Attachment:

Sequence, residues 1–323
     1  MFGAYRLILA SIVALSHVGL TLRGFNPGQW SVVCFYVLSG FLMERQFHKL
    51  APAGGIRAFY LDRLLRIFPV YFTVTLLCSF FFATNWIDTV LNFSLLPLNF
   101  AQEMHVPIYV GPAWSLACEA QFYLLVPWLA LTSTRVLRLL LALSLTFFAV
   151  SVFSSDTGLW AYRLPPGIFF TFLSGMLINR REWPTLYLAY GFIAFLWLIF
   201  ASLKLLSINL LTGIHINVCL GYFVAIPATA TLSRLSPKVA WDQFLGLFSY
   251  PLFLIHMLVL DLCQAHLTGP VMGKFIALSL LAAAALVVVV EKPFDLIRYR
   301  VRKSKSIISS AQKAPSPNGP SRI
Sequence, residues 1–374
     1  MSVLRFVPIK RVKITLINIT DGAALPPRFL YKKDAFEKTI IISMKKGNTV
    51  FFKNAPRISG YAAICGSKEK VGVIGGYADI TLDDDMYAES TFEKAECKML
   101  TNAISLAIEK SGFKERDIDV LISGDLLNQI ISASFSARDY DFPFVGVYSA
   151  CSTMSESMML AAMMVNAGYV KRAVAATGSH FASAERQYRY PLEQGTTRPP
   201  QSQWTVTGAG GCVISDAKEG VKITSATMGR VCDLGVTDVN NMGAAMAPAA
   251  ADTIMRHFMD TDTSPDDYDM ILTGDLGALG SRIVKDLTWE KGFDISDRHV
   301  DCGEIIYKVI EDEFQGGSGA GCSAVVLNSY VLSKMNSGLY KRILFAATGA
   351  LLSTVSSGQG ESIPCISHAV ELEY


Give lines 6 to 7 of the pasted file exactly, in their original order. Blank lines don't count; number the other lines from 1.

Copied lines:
   201  ASLKLLSINL LTGIHINVCL GYFVAIPATA TLSRLSPKVA WDQFLGLFSY
   251  PLFLIHMLVL DLCQAHLTGP VMGKFIALSL LAAAALVVVV EKPFDLIRYR